Q. I have a will and my uncle says he has a will, what should I do for my grandmothers wishes?
A: In general, assets that are in the form of beneficiary designations through banks and investment firms do not pass through a will or testamentary trust. You will present your ID and a certified death certificate at the financial institutions that hold the accounts. The information presented here is general in nature and is not intended nor should be construed as legal advice for any particular case or client. For specific advice about your particular situation, please consult with your own attorney. This posting is not intended to constitute an advertisement nor a solicitation
Q. As a heir, do I have to pay capital gains on money I recvd from property sold from a Testamentary Trust in California?
A: Capital Gains are the difference between the basis of property and the sale price of property (less selling costs). Basis of property during life is the original purchase price of property (with adjustments). Post-mortem basis is adjusted to the Date of Death Fair Market Value, usually through appraisal. In many cases the post-mortem basis is roughly equal to the post-mortem sale price, which reduces or eliminates capital gains. Jonathan Purcell is a California Attorney. This posting does not create any attorney-client relationship. The information presented here is general in nature and is note intended nor should be construed as legal advice for any particular case or client. For specific advice about your particular situation, please consult with your own attorney. This posting is not intended to constitute an advertisement nor a solicitation
Q. My sister is my mothers conservator and the successor trustee she refuses to provide any type of accounting.
A: In California, Conservator is required to provide an accounting to the court one year after a Conservator is appointed, and every two years thereafter. A Conservator may use 'substituted judgement' to change testamentary documents such as wills and trusts, but past donative conduct, as shown by the distribution of property in previous testamentary documents, should be consistent with a new testamentary documents. As the daughter of the Conservatee, you should receive a notice of each hearing, and any substantial event, such as a sale of real property.
Q. Uncle and i bought house as joint tenants he was married title sole and separate property. He passed away
A: The surviving joint tenant(s) file(s) an "Affidavit of Death - Joint Tenant", along with a death certificate, and a "Preliminary Change of Ownership Report" (PCOR), as well as paying a filing fee. Decedent's share is distributed the remaining joint tenant(s) on the deed.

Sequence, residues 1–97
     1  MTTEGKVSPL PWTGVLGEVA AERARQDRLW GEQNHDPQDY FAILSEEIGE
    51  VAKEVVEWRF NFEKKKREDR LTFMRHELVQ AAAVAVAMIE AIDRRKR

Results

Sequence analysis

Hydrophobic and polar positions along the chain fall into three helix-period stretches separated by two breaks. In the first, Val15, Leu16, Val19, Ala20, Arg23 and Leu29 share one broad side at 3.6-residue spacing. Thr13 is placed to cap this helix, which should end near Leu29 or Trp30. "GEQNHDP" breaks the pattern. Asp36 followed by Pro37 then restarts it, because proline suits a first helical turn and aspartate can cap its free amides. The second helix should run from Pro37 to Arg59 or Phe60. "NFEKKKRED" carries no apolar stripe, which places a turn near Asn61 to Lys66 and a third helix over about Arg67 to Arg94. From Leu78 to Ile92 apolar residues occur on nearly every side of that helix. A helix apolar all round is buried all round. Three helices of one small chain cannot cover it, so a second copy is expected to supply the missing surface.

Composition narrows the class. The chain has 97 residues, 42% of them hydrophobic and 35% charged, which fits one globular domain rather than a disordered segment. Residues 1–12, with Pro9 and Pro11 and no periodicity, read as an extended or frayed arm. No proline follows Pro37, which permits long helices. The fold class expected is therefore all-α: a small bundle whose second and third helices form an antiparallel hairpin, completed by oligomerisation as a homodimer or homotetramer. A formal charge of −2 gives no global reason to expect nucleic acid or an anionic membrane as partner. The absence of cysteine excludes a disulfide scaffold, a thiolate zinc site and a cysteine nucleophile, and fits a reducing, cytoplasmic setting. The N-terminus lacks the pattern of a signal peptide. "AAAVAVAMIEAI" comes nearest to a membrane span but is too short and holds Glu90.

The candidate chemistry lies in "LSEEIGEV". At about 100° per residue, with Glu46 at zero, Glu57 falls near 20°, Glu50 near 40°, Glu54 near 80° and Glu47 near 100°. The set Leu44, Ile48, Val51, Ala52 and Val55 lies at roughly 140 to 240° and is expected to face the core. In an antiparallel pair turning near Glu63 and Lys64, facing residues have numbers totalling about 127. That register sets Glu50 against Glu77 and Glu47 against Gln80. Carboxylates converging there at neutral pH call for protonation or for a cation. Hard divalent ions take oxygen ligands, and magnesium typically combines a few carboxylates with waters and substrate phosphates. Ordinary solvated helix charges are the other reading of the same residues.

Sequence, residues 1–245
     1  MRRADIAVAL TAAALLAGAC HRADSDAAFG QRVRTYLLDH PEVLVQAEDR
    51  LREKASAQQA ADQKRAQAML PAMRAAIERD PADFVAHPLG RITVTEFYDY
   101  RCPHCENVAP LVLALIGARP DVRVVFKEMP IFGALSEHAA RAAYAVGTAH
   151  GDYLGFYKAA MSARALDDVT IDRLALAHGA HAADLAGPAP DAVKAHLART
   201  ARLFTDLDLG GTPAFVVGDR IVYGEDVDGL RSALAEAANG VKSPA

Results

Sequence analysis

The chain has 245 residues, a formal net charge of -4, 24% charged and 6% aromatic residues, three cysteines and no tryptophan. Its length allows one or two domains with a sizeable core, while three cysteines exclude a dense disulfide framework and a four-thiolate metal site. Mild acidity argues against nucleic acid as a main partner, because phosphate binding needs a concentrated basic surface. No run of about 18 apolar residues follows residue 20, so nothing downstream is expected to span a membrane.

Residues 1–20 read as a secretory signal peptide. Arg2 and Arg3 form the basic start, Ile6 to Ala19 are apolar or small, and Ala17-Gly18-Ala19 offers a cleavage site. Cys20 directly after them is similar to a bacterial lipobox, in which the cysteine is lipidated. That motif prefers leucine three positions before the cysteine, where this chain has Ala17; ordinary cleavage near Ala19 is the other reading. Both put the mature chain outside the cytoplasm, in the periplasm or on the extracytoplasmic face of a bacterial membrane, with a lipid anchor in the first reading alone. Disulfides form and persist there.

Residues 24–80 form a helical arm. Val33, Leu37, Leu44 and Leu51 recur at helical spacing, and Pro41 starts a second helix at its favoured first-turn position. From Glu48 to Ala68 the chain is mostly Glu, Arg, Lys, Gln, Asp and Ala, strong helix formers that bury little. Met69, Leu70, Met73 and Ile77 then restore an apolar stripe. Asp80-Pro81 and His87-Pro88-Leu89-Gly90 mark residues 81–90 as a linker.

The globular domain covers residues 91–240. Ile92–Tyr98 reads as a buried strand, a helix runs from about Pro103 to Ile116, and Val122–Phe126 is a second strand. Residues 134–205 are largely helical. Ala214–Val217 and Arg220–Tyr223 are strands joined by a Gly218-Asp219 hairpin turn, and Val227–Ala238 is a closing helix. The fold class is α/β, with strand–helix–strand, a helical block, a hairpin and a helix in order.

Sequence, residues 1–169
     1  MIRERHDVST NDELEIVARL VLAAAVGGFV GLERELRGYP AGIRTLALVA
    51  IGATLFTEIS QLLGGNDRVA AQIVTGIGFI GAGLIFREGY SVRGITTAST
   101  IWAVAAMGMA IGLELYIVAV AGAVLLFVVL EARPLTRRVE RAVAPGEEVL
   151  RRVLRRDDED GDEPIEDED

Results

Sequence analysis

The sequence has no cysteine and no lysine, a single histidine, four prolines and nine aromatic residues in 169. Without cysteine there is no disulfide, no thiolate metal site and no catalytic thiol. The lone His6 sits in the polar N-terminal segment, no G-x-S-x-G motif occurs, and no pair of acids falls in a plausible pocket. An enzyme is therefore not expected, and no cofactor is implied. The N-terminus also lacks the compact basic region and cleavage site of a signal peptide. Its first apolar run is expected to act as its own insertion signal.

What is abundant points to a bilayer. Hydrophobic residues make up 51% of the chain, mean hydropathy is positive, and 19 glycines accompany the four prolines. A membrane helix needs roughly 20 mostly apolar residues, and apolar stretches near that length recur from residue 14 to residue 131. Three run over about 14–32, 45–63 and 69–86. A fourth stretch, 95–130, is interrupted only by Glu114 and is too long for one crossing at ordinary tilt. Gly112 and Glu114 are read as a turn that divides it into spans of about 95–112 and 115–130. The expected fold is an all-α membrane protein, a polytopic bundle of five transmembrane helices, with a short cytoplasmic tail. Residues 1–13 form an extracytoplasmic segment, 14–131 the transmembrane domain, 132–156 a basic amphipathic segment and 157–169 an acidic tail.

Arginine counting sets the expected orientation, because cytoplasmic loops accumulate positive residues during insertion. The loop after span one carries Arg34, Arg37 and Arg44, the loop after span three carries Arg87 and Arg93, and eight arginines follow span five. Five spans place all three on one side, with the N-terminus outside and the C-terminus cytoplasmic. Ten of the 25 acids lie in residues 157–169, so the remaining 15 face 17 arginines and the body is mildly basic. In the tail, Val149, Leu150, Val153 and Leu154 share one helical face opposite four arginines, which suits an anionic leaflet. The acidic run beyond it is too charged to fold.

Q. I live in California. I am disabled. If Both parents pass without a will., Will I inherit their homes automatically?
A: In general, property that passes by way of a will, a trust, or through intestacy (no will) does not pass automatically. But certain types of property such as a payable on death bank or brokerage accounts, may pass to the beneficiary automatically. If you receive public benefits due to your disability, a moderate inheritance could disqualify you from some or all of your benefits. A well-drafted disability trust integrated into your parent’s estate plan, could allow you to maintain public benefits, use some of your inheritance for specific items, and possibly stay in your parent’s home.
Q. How are my capital gaines determined on a property I purchased in 1989 in CA?
A: 1. In general, basis is the purchase price of property plus capital improvements, less accumulated depreciation. 2. On death, basis is revalued at the date of death fair market value (DOD FMV), usually by appraisal. see, 26 U.S. Code § 1014 3. If the spouses each held their respective share of the property as SEPARATE property, on the death of the pre deceasing spouse, one half of the spouses' share of the property basis is revalued to DOD FMV. The other half of their share is valued according pursuant to 1., above. 4. If the spouses held the property as COMMUNITY property, on the death of the pre deceasing spouse, both halves of their share of the property basis are revalued to DOD FMV. see, 26 U.S. Code § 1014(b)(6) 5. The donor's basis of gifted property is transferred to donee. see,26 U.S. Code § 1015
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NorCal Tax Law
40 FOURTH ST. STE. 211
PETALUMA, CA 94952
USA
Telephone: (707) 694-7213